Monday, September 26, 2016

Estranged letters


The door slams alerting me to the arrival of Dr. Bansal. I don’t want to see him and so I continue watching the distant view of the snow capped hills glistening in the sunlight. The sweet smell of the pine trees wafts into the room along with a bone-chilling cold draft of air. I wrap my shawl tighter. I long for the warmth of my bedroom in Delhi. Strangely, this hand-knit woolen shawl, a gift from my mother who taunts me with her icy silence, is my fondest companion these days.

“Tina, Dr. Bansal is here. I will wait outside,” says Sister Angela. She walks out of the room and I reluctantly turn around.

He smiles. Deep dimples appear on his cheeks.

“How are you now, Tina? I read your case history. You have a rare anxiety disorder called Graphophobia, a fear of writing or handwriting. It is rare but definitely curable,” he says.
“I won’t take the pills given by the other doctor to curb my anxiety. They make me numb to everything. Do you hear? I won’t.”I snap at him.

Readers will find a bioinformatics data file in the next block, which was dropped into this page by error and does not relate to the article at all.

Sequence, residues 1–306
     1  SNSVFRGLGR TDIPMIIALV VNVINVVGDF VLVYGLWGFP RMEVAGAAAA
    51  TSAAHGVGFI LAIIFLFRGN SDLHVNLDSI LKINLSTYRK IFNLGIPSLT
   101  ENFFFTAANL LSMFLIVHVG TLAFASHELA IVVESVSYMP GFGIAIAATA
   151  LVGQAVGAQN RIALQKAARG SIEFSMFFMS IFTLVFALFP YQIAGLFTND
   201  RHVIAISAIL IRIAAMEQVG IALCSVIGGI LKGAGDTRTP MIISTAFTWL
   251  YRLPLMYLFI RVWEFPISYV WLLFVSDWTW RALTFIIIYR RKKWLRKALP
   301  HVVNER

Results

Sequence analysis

“I am not asking you to take any pills. Tell me this Tina, what happens when you pick the pen to write?”

I don’t want to answer him. I am tired of telling people about my symptoms. Breathlessness, dizziness, excessive sweating, nausea and a fear that leaves me dazed, a voice that screams in my head. Many think I am faking it to escape from the exams.
He is determined and continues to ask me questions. When I don’t answer he begins to talk about the symptoms of the disease. Every single word he utters is my truth.

“Do you want to be rid of this disease, Tina? Or are you okay becoming its slave forever?”
“No,” I say.
“Help me then. Give a voice to your fear. What does it tell you?”
“It tells me I am going to fail in the boards and bring shame to my…” I pause, unable to continue.
“Whose words are those? Whose voice is that?”
“My mother’s,” I whisper. I drop my face into my palm and shut my eyes as a scene from earlier this year flashes before my eyes. My mother is seated on her office chair holding my report card while I sit fidgeting on the opposite chair expecting the tongue lashing that I deserve.